For the patients, the planar LSFs were obtained from medical records without alteration (except in one case where the technologist had made a mistake in the calculation). These had been calculated using Eq. 1 and counts obtained by manually segmenting the liver ROI on the anterior view and lung ROI on the posterior view by nuclear medicine technologists.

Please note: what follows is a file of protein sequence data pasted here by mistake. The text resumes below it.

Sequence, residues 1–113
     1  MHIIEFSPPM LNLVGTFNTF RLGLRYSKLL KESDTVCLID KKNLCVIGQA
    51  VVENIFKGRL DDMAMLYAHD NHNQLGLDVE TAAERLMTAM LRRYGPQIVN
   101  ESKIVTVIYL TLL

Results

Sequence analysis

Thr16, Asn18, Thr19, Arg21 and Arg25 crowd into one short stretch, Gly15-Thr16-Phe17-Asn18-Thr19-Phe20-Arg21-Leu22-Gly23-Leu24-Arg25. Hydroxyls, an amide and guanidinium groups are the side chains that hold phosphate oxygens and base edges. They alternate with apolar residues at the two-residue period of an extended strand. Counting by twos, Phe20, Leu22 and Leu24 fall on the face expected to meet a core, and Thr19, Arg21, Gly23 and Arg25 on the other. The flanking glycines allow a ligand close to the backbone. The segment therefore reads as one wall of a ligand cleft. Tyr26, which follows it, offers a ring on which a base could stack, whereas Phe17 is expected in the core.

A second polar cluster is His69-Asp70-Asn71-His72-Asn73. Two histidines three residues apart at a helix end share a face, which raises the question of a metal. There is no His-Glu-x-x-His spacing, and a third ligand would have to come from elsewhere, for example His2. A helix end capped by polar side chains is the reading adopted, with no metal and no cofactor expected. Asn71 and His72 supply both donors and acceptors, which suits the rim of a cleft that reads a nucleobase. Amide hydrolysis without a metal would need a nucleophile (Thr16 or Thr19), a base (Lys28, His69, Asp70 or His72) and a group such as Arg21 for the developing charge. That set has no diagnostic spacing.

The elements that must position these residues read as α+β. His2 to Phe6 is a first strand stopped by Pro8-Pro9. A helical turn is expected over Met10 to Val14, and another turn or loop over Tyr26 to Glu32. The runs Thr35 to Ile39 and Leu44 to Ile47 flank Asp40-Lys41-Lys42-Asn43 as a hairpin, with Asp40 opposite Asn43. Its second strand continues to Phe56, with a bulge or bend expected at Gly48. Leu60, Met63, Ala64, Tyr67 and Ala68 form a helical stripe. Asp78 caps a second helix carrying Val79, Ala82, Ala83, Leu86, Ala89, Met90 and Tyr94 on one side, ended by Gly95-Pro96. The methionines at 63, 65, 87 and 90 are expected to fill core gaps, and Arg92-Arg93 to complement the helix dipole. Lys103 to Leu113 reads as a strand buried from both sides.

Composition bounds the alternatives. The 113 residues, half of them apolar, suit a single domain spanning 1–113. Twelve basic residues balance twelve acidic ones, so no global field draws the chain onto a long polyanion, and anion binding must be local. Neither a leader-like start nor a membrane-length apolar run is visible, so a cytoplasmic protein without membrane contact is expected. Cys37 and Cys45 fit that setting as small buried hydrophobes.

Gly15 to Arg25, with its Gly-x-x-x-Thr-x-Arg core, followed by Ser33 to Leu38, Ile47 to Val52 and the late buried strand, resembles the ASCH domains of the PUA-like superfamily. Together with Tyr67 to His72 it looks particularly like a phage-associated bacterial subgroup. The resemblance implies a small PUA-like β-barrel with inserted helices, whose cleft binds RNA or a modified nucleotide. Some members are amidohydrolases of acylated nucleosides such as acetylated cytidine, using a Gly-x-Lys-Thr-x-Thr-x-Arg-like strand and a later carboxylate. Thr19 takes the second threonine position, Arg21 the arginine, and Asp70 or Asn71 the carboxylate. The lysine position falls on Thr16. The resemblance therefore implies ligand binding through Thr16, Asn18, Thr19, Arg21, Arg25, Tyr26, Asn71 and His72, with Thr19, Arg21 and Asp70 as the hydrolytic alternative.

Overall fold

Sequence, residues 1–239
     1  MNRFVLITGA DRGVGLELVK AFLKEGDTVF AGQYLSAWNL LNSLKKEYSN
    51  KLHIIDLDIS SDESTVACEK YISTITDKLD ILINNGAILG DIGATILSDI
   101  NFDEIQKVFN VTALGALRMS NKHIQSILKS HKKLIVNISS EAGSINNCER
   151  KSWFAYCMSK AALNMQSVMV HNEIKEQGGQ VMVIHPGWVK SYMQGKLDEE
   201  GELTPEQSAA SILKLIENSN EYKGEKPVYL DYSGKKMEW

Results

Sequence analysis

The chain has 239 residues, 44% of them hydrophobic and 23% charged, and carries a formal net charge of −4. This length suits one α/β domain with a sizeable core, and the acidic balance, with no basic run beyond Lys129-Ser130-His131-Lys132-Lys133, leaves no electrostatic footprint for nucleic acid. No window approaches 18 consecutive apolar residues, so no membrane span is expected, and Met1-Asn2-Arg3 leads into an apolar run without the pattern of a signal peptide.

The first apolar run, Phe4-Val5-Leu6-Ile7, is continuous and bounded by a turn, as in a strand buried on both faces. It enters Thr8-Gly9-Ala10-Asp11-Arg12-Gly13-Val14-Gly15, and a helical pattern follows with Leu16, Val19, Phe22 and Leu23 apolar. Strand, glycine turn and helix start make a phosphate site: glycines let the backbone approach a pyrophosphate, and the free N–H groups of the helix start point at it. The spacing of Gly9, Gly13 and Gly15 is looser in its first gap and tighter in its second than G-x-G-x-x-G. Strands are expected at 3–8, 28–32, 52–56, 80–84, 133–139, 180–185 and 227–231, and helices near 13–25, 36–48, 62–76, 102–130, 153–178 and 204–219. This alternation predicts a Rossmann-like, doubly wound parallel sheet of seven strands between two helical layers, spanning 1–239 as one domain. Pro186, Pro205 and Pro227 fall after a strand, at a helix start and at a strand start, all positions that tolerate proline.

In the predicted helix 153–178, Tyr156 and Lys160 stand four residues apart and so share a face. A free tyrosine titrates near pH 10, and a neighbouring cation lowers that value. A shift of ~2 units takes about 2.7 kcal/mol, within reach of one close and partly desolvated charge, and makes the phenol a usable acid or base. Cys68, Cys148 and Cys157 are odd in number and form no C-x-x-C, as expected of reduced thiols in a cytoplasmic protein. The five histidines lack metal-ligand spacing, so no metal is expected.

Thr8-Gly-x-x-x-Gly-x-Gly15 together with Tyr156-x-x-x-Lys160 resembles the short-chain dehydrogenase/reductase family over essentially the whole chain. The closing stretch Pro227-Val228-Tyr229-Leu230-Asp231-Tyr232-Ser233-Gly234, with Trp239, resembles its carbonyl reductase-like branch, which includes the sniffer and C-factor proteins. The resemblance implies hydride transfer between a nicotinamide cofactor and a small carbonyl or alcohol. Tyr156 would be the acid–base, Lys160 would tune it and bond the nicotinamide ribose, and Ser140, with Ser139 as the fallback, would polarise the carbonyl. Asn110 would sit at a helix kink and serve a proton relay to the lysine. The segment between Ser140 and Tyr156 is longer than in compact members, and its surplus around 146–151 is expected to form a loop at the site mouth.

To determine the patient LSFs from SPECT/CT, a semi-automatic workflow was created in MIM software (MIM Software Inc.; Beachwood, Ohio). If two SPECT/CT scans were necessary, the liver volume of interest (VOI) was defined with SPECT-based thresholding on the scan that encompassed the entire liver, and the lung VOI was defined by CT-based thresholding on the scan that encompassed the entire lung. If only one SPECT/CT scan was necessary, then the liver VOI and lung VOI were defined with the same thresholding methods, but on the singular SPECT/CT image set. To determine the liver VOI, the SPECT threshold level was selected based on visual agreement between the resulting contour and the liver outline visible on the fused CT. To automate the process, multiple liver contours corresponding to pre-set threshold levels (0.5, 1, 2, 5, and 10% of max counts in field-of-view) were made available in the workflow with the option to choose one of these contours or define a new contour. In order to determine the lung VOI, a Whole Body VOI was generated automatically through a command that detects the largest contiguous non-background region of the image by thresholding the CT image intensities and then applying a series of morphological operations. The lung VOI was automatically generated by setting an upper Hounsfield unit (HU) range lock of − 150 to this Whole Body VOI. This VOI was split into a left and right section and further cleaned using volume thresholds to remove areas in the mediastinum that may have been falsely included in the lung VOI. In order to account for the motion of the liver smearing activity into the lungs during a free breathing SPECT scan, the most inferior 2 cm of the left and right lung was automatically subtracted from the lung VOIs (Fig. 1) as proposed in the past [5, 6]. Based on the count density in the rest of the lung (the lung VOI that excludes the most inferior 2 cm) and the total lung volume from the CT, the total lung counts were estimated and the LSF was calculated within the workflow using Eq. 1.